Salmonella Outbreak Secondary to Peanut Butter

A  new outbreak of food contaminated by Salmonella was first recognized in November 2008. This discovery was made possible by the diligent work of CDC, CDC Pulse Net, FDA and the Epidemiology sections of the states of Minnesota and Connecticut.This discovery was notable for the occurrence of a new Salmonella typhimurium strain.It was soon determined by these agencies that the contaminated vehicle was a type of bulk peanut butter “King Nut”.The epidemic strain was recovered from unopened containers of this product.This product was traced back to the” Peanut Corporation of America”It was later determined that 2 well known brands of peanut butter crackers-Keebler and Austin were also contaminated.The products  produced by this plant included:peanut butter,whole peanuts, and peanut butter paste and other peanut products.At this time there is no evidence that common grocery store peanut butters i.e. major national brands are involved in this outbreak. The problem with this outbreak is that the company was a major supplier to many food producers. This has resulted in a broad product recall involving more than 2000 different products.This includes both human and animal food products.For a listing of the products recalled you can go to www.fda.gov.The recall on products produced by this company has now been extended to products produced since 2007.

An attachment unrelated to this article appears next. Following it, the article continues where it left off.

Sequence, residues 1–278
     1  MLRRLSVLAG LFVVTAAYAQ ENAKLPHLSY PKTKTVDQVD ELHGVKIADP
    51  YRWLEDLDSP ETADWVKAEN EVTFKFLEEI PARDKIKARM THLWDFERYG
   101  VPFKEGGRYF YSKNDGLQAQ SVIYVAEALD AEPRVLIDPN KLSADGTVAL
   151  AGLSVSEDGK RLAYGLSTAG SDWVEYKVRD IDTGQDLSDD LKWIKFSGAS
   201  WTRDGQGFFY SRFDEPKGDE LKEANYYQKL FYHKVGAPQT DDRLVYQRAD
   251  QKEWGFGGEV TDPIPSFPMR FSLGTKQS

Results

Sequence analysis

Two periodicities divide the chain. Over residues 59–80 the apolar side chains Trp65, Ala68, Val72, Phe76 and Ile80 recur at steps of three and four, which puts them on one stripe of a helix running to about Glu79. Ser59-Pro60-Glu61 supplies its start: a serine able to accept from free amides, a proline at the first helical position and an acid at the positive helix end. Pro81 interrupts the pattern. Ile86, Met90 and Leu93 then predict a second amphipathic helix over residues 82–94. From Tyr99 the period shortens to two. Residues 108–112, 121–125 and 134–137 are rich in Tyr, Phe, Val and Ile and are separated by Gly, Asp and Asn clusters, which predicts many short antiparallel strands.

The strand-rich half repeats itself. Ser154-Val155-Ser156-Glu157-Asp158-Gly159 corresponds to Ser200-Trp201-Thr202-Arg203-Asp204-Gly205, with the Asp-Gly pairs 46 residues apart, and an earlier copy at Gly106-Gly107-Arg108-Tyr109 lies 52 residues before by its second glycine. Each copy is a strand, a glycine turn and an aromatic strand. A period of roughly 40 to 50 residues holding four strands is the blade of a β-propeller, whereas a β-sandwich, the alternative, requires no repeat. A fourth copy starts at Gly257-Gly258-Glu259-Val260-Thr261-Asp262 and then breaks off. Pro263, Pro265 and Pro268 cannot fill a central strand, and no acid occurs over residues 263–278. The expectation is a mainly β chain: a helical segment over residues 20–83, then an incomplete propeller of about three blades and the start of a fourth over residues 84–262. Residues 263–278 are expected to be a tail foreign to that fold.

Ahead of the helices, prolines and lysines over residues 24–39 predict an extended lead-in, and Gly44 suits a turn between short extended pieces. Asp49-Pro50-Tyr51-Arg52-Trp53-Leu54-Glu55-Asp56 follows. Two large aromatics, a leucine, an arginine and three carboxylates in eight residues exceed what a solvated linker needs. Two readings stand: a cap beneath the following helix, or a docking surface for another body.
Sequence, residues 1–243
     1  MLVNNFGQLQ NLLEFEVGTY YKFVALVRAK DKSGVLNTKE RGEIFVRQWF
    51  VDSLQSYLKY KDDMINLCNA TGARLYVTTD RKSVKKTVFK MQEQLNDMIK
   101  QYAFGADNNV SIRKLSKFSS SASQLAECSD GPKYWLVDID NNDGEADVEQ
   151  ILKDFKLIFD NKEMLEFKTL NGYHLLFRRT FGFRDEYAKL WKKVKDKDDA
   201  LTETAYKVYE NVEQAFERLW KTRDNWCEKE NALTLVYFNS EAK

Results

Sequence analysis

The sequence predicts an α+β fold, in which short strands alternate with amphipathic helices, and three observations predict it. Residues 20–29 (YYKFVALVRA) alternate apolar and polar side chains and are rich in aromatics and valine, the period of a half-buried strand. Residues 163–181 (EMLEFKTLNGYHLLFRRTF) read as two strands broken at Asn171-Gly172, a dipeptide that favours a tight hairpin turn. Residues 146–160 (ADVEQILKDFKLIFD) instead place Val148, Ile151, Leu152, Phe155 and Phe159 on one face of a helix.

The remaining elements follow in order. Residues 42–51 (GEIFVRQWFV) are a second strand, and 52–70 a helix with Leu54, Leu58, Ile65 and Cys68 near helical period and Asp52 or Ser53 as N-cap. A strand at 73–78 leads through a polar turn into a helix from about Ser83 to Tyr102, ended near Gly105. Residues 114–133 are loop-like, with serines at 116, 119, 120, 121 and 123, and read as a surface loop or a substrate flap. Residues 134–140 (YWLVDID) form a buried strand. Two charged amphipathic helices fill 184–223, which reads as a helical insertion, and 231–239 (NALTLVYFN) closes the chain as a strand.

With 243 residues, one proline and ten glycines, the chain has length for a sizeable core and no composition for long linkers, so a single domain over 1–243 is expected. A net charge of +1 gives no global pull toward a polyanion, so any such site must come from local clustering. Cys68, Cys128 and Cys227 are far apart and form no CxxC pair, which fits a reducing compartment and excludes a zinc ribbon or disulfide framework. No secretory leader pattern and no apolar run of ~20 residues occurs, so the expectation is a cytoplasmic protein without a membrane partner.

To date there have been approximately 600 cases nationwide in 44 states with 116 hospitalizations and 8 deaths in which the illness may have played a role.There have been 7 cases in Mississippi though there probably is at least 10 times that number.

Advice to the public:

1.Major brand peanut butters purchased in grocery stores may be safely consumed

2.Go to fda web site and determine if  you have any of the recalled products in your home.If you do destroy them in a manner in which there is no possiblity that they can be consumed by others.

3. People who have become ill while eating peanut containing products especially those on the recall list should consult their health care provider.

4.There is no evidence that this Salmonella strain is more deadly thatn other Salmonella strains.

Web Sites for further information for health care professionals or the public:

1.www.fda.gov

2.www.msdh.state.ms

3.www.cdc.gov

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